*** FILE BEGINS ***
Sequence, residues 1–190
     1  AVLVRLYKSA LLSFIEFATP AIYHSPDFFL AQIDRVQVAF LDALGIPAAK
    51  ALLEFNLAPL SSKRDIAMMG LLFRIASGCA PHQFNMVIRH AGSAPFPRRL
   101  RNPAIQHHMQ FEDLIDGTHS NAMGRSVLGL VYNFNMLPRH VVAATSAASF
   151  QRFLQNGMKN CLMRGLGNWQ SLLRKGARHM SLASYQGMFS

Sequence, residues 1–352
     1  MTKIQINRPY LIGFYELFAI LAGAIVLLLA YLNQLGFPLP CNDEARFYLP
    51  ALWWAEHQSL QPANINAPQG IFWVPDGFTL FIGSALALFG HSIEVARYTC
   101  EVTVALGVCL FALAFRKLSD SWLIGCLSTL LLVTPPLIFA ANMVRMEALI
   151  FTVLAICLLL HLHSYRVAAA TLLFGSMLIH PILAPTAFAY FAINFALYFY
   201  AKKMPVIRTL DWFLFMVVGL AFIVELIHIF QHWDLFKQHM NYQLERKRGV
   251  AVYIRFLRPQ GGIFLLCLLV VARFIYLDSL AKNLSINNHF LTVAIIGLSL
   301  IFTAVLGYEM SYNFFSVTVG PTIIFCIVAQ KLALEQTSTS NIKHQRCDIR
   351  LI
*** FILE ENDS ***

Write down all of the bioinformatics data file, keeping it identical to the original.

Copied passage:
Sequence, residues 1–190
     1  AVLVRLYKSA LLSFIEFATP AIYHSPDFFL AQIDRVQVAF LDALGIPAAK
    51  ALLEFNLAPL SSKRDIAMMG LLFRIASGCA PHQFNMVIRH AGSAPFPRRL
   101  RNPAIQHHMQ FEDLIDGTHS NAMGRSVLGL VYNFNMLPRH VVAATSAASF
   151  QRFLQNGMKN CLMRGLGNWQ SLLRKGARHM SLASYQGMFS

Sequence, residues 1–352
     1  MTKIQINRPY LIGFYELFAI LAGAIVLLLA YLNQLGFPLP CNDEARFYLP
    51  ALWWAEHQSL QPANINAPQG IFWVPDGFTL FIGSALALFG HSIEVARYTC
   101  EVTVALGVCL FALAFRKLSD SWLIGCLSTL LLVTPPLIFA ANMVRMEALI
   151  FTVLAICLLL HLHSYRVAAA TLLFGSMLIH PILAPTAFAY FAINFALYFY
   201  AKKMPVIRTL DWFLFMVVGL AFIVELIHIF QHWDLFKQHM NYQLERKRGV
   251  AVYIRFLRPQ GGIFLLCLLV VARFIYLDSL AKNLSINNHF LTVAIIGLSL
   301  IFTAVLGYEM SYNFFSVTVG PTIIFCIVAQ KLALEQTSTS NIKHQRCDIR
   351  LI